Hydrogel formation can be temperature dependant (thermopolymerization) (Suggs and Mikos, 1999; He et al., 2000; Jeong et al., 2000b; Tate et al., 2001; Ruel-Gariepy and Leroux, 2004; Nguyen and Lee, 2010), pH-dependent (Ruel-Gariepy and Leroux, 2004; Chiu et al., 2009; Nguyen and Lee, 2010), or it can occur with the exposure to visible or ultraviolet (UV) light (photopolymerization) (Sawhney et al., 1993; Mellott et al., 2001; Nuttelman et al., 2002; Bowman and Kloxin, 2008). Both temperature- and pH-dependant polymerization are forms of physical cross-linking and can be reversible. The benefits of a reversible hydrogel are best demonstrated in the field of diabetes research: a pH-dependent hydrogel was created to release insulin in response to excess glucose and gluconic acid, which alter the pH of the tissue surrounding the hydrogel (Farmer et al., 2008). Thus, this hydrogel formulation allows insulin to be released only when it is needed, just as release would occur in normally functioning tissue. Many temperature- and pH-dependant hydrogels are formulated to gel under physiological conditions, which can be ideal for in situ polymerization (Van Tomme et al., 2008). In this process, the un-polymerized hydrogel solution is injected into the tissue site and subsequently polymerizes in response to the difference in body temperature or pH. This can allow the hydrogel to fill an irregularly shaped lesion site or coat a surface. However, if the conditions during hydrogel injection exceed standard physiological conditions, the hydrogel may not polymerize. If the precursors are not adequately controlled before or during delivery, the materials can have unintended behaviors, such as clogging the syringe and/or causing some discomfort to the patient at the site of injection (Nguyen and Lee, 2010). Hydrogels which polymerize in situ can be limited in their ability to encapsulate cells and/or proteins or may fail to provide a sometimes necessary macroscopic architecture. In contrast, chemically cross-linked synthetic polymers provide researchers with highly tunable materials whose gelation behavior, and therefore physical and chemical properties, can be carefully adjusted with intricate control.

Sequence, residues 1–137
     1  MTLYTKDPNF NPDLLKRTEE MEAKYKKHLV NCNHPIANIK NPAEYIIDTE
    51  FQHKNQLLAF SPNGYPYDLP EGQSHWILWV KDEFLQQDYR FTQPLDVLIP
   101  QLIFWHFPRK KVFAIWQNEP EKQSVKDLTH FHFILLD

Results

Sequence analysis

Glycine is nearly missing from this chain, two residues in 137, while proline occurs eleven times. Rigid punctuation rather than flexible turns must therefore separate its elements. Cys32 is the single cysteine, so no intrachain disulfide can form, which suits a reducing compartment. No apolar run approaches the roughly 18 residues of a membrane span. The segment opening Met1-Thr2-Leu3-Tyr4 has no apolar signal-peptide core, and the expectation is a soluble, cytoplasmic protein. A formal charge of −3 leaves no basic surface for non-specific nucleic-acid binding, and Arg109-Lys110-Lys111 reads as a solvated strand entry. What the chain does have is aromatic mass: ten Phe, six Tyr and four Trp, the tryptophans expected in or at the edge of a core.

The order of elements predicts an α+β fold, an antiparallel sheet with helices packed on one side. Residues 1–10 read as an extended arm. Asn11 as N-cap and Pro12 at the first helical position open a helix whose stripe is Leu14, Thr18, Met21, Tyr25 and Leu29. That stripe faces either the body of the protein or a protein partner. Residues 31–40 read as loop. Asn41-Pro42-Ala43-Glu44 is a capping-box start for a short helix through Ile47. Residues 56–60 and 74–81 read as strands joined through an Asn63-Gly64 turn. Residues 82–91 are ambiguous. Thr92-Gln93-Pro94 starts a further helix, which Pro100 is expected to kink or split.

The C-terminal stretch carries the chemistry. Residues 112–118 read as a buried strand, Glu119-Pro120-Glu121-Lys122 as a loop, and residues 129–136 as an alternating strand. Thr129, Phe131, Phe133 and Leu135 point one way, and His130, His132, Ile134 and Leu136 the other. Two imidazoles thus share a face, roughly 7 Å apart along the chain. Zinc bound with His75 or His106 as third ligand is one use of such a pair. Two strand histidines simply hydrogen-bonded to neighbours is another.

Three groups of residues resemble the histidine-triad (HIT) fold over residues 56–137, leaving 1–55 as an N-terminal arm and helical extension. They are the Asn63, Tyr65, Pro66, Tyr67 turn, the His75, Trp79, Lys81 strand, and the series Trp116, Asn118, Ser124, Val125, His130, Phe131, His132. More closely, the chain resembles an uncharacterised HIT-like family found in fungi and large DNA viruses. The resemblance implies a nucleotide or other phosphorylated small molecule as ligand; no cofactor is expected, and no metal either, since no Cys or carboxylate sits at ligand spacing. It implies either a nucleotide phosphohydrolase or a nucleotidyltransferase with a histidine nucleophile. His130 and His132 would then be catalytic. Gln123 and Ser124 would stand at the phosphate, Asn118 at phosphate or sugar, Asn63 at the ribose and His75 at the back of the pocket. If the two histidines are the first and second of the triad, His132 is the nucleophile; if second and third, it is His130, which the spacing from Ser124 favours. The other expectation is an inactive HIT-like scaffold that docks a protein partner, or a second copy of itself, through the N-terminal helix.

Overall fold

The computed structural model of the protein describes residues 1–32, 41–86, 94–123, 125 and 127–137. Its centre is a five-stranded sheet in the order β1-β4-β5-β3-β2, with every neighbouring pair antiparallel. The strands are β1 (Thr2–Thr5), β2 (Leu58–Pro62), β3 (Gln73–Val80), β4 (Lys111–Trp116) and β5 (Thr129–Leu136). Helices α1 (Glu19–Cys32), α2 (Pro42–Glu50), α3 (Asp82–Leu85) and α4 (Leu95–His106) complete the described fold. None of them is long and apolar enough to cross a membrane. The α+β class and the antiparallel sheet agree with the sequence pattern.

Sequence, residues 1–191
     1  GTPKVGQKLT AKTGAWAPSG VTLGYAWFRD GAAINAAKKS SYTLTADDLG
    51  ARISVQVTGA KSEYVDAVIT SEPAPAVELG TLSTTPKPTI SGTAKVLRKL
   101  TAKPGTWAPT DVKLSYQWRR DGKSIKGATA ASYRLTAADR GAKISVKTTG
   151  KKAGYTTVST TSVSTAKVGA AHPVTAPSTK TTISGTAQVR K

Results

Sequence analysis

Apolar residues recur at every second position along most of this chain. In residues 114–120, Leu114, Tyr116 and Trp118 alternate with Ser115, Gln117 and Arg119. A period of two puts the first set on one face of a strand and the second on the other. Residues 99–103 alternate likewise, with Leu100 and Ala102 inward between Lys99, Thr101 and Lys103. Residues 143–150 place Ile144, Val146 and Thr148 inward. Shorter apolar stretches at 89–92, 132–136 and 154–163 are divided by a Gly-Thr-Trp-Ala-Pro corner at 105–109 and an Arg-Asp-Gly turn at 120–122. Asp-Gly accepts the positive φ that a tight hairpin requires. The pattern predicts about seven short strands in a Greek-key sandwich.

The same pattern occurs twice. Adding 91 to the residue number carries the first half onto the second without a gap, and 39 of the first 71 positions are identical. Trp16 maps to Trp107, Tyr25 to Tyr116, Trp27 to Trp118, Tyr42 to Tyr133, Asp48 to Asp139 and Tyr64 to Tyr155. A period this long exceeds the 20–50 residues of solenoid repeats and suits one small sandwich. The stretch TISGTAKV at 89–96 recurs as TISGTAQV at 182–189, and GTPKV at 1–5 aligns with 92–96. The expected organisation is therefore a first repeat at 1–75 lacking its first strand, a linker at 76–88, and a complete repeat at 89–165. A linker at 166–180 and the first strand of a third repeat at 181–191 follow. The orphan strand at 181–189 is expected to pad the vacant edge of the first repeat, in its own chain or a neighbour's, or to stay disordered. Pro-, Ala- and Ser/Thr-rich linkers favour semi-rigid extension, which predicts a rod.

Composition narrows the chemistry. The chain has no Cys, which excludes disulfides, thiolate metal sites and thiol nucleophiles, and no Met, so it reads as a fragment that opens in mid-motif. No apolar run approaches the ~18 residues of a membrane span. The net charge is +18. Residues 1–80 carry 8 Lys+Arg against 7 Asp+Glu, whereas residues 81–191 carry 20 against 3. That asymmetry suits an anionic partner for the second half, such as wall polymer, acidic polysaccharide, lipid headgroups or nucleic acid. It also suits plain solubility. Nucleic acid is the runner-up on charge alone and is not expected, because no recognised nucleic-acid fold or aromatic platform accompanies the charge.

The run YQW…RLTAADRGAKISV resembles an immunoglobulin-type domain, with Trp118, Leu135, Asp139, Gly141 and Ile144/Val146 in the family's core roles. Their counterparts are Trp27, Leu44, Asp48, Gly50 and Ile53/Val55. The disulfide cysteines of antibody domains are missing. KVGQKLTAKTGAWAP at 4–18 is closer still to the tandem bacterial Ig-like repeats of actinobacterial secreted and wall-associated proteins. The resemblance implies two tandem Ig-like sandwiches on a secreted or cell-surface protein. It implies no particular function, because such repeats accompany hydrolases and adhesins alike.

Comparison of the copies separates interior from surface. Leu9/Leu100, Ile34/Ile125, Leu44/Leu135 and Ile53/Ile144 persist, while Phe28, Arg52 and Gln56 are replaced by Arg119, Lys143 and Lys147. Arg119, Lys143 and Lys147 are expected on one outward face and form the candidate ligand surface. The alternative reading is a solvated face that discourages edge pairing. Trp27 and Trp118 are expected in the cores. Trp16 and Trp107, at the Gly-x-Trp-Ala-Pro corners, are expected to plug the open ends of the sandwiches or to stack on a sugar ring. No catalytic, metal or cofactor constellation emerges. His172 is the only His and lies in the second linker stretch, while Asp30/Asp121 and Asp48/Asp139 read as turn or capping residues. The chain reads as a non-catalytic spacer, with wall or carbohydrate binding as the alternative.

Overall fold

Photopolymerization is a common laboratory process because of the rapid bond formation that occurs when exposed to white or UV light. The addition of a photoinitiator allows the hydrogel to polymerize by generating reactive species that catalyze the polymerization process. UV exposure and the generation of reactive species can be a concern, especially when cells are to be incorporated into the hydrogel, as this can, in some cases, result in decreased viability of the cells (Bryant et al., 2000; Williams et al., 2005; Lampe et al., 2009). The addition of lactic acid, a commonly used functional unit in biomaterials, can mitigate some of the effects of the reactive species on neural stem cells (Lampe et al., 2009; Lampe et al., 2010a). Despite this, the advantages of photopolymerization may override any concerns regarding how the hydrogel is polymerized.